The Central Pennsylvania Animal Alliance (CPAA) again finds itself seeking financial help for a dogfighting victim.

The 2- to 3-year-old female pit bull named Honey was brought in to the York County SPCA by animal control officers Saturday morning. She was suffering from multiple puncture wounds on her head, face and legs, but the most serious of her injuries was to her lower jaw: a 2-inch section of her jaw bone is exposed where the skin has been ripped away. According to the SPCA veterinarian, the wounds were severely infected, as they were likely a couple days old.

Veterinarians are recommending a skin graft for Honey, with initial estimates of at least $6,500 for the surgery alone.

"It's beyond sick to allow a dog to suffer like this," said Zella Anderson, CPAA founder and director. "We need the community's help to pay for her extensive medical care, but even more so, we need people to open their eyes to the growing problem of dogfighting and work together to put a stop to it."

Anderson commended the York County SPCA for its quick action to ease Honey's suffering by sedating her, flushing her wounds and reaching out to find additional help for her.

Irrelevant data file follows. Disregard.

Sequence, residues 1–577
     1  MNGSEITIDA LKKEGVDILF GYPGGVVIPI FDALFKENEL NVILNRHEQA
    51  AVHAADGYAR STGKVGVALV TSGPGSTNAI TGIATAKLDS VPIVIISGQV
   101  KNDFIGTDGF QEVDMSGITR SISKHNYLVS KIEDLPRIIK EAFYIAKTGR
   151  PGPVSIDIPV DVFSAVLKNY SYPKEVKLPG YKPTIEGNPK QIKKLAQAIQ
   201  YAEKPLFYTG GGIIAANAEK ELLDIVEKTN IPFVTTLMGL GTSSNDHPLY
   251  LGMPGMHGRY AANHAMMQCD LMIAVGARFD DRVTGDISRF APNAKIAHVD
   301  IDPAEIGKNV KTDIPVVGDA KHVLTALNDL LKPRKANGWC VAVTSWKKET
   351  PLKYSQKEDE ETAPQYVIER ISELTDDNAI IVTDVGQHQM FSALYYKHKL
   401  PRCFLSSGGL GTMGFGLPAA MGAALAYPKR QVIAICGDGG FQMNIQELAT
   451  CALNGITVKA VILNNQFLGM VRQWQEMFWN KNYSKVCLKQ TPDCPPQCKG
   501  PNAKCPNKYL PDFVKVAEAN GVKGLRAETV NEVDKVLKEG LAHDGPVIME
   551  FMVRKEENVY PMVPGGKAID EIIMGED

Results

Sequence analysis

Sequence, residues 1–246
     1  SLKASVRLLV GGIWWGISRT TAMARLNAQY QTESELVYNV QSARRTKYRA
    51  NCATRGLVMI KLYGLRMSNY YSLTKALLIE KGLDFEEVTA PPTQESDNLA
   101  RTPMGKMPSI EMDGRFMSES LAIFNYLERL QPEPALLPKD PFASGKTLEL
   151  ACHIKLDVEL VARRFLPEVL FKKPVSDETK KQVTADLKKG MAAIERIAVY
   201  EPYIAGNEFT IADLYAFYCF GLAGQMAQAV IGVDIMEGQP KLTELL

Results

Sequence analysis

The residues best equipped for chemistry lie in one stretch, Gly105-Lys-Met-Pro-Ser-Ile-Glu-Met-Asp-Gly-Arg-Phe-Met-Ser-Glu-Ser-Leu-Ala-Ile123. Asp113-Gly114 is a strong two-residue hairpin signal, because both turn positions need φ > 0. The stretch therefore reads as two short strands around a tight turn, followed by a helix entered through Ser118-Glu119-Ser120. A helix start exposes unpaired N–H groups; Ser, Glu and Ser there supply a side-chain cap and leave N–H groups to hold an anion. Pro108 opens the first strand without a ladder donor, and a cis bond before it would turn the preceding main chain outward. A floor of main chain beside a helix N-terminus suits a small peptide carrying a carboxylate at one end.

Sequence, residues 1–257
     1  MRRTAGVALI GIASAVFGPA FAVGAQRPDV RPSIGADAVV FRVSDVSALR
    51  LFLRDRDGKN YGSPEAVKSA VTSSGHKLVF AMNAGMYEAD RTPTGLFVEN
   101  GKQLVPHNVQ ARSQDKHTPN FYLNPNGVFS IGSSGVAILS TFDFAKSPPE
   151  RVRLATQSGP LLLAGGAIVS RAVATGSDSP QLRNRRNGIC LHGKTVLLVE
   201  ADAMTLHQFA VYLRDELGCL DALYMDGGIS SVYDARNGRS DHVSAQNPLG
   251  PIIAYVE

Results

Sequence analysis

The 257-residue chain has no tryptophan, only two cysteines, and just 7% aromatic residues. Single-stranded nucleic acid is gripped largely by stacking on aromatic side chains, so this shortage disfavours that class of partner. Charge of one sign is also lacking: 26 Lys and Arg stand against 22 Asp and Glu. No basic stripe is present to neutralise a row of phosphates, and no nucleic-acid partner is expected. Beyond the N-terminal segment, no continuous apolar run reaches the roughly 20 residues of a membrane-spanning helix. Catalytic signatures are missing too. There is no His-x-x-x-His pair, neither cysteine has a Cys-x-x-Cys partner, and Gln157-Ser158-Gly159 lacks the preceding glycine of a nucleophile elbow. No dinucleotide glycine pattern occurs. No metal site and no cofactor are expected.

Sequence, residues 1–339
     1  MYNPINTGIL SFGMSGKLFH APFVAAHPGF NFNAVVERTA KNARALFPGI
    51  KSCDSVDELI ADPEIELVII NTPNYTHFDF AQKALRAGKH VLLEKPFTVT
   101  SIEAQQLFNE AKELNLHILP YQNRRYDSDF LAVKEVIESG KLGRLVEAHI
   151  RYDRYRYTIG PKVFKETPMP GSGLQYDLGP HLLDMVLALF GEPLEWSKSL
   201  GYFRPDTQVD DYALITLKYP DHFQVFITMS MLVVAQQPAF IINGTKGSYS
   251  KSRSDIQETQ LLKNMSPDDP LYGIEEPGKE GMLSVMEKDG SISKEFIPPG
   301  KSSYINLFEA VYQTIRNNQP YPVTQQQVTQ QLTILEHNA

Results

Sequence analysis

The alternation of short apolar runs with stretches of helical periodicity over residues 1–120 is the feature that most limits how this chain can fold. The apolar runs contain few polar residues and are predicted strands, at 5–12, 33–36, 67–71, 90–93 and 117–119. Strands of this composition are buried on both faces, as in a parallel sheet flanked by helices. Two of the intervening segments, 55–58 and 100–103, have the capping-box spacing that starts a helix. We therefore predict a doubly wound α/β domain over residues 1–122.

This is the second time the two organizations have teamed up to help a dogfighting victim. Earlier this year, the SPCA rescued and treated Julep, a suspected bait dog who was found in very poor condition by a dumpster in February. A deceased dog was found nearby. The SPCA provided much of her initial care, but CPAA stepped in to help when Julep was diagnosed with a disease common among fighting dogs. Julep is now healthy and happy in her new home.

CPAA has also helped to rescue a number of suspected dogfight victims from the City of Harrisburg over the last several months.

"There is no question dogfighting is a serious problem in Central Pennsylvania, and it deserves serious attention from law enforcement," Anderson said. "People who fight dogs aren't otherwise good, law-abiding citizens – they tend to be involved in many other crimes, including theft, illegal gambling, drug dealing, gang activity and more."

CPAA launched an Anti-Dogfighting Task Force more than two years ago to raise awareness about dogfighting among law enforcement and the community as a whole. Although the prevalence of dogfighting is difficult to quantify because it is an "underground" activity, the Humane Society of the United States estimates 40,000 people nationwide participate in organized dogfighting, and hundreds of thousands more take part in impromptu street dogfighting.

For more information on dogfighting and how to recognize it and report it, visit http://www.humanesociety.org/issues/dogfighting/facts/dogfighting_fact_sheet.html

For more information or to make a donation to support Honey and CPAA's Anit-Dogfighting Task Force, visit www.cpaa.info. Updates on Honey's condition will be posted at www.Facebook.com/CentralPAAnimalAlliance.